- Spread an additional thin layer of the paste on top and let it dry completely. The TSP will break down the oil or solvent components, and the absorbing product will bind them. Depending on outdoor temperature and humidity, the paste could take anywhere from 30 minutes to a couple of hours.
- Use a putty knife to scrape away the dried paste and then rinse with a hose or power washer. Old stains might require more than one application to remove.
How to Remove Tire Marks From a Driveway
Brake a bit too quickly, and your car can leave unsightly black tire marks on the driveway that won’t rinse off. Tire marks are virtually invisible on asphalt driveways, but they’re a sore spot on concrete. Cleaning them requires a bit of elbow grease, but not too much. These simple steps make it a snap.
- First, spray a natural driveway cleaner and degreasing product, such as Organic Orange (available from Amazon) on the marks and let it sit for a few minutes to help loosen and dissolve the spots.
- Before the concrete cleaner evaporates, scrub the marks with a stiff nylon bristle brush.
- Spray away the residue using the jet setting on a garden hose nozzle, or use a power washer.
- If necessary, repeat the steps.
How to Clean Dirt, Mud, and Rock-Related Debris From a Driveway
After a winter of snow and slushy roads, it’s nearly impossible to keep automobile tires from tracking dirt and mud onto your driveway, where the dirt hardens like a rock as it dries. If you have a pressure washer, this is an excellent time to bring it out; if you don’t, you can clean away the dirt and mud with a stiff-bristle push broom and a garden hose.
This driveway cleaning technique works equally well for dirty asphalt and concrete driveways. First, sweep away loose dirt and bits, then dampen caked-on mud and let the water soak in a few minutes before scrubbing the loosened mud with the push broom to break it up. Depending on how much you have to remove, this could take a while. The trick is to use plenty of water.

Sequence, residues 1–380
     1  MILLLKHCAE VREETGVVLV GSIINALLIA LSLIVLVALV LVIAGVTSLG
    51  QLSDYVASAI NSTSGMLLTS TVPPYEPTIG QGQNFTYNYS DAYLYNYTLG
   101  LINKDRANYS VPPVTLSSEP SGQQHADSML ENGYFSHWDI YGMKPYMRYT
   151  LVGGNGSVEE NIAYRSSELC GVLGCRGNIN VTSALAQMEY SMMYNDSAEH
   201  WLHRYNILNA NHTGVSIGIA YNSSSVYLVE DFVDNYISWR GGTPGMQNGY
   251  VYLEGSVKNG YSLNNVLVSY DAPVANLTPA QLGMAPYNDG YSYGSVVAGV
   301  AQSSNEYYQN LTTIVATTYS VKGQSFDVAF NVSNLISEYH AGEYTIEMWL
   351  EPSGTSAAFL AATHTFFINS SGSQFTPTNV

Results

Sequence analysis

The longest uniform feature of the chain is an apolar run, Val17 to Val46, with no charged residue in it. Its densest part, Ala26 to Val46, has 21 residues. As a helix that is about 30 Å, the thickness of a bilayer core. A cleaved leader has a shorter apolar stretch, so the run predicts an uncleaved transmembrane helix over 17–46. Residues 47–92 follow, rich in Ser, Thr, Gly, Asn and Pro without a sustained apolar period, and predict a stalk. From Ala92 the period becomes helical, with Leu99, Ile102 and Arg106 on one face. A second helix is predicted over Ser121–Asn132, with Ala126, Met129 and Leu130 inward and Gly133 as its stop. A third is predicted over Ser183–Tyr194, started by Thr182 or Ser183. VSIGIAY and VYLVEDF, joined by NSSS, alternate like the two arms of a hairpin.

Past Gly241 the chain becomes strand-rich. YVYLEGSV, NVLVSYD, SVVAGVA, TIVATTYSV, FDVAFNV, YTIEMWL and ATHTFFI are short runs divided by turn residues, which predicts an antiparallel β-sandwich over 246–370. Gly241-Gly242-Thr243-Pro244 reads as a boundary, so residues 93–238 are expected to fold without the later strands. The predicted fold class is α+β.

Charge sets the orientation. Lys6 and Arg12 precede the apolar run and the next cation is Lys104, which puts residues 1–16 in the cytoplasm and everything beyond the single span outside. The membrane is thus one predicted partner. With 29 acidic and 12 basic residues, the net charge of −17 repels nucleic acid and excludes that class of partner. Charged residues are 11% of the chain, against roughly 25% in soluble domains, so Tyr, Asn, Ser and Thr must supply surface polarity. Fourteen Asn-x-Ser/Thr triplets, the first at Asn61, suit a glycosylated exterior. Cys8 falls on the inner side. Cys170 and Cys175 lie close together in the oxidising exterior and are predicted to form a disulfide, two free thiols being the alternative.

How to Clean Decomposing Organic Matter From a Driveway
If you neglect to rake up the mess of organic matter that has spilled onto your concrete driveway, piles of mulch, fallen leaves, and pine needles can leave harmless yet unattractive brown stains behind. (These only appear on concrete since darker asphalt can mask the color.)
As organic items decompose, they release tannin, a colorful byproduct of the natural decaying process. Though the color eventually will fade from concrete, you can help hurry the process along with a little bit of driveway cleaning. Learning how to clean concrete driveway stains is a straightforward process:
- Sweep the concrete surface, then spray the stained area with a garden hose to rinse away dirt. In a large plastic bucket, mix ½ cup of liquid dish detergent into 3 gallons of hot water. (Or, for the best results on tannin stains, use a powdered laundry detergent that’s advertised as being good at removing food stains.)
- Slowly pour the solution onto the tannin stains and work the liquid into the concrete using a stiff-bristle nylon brush.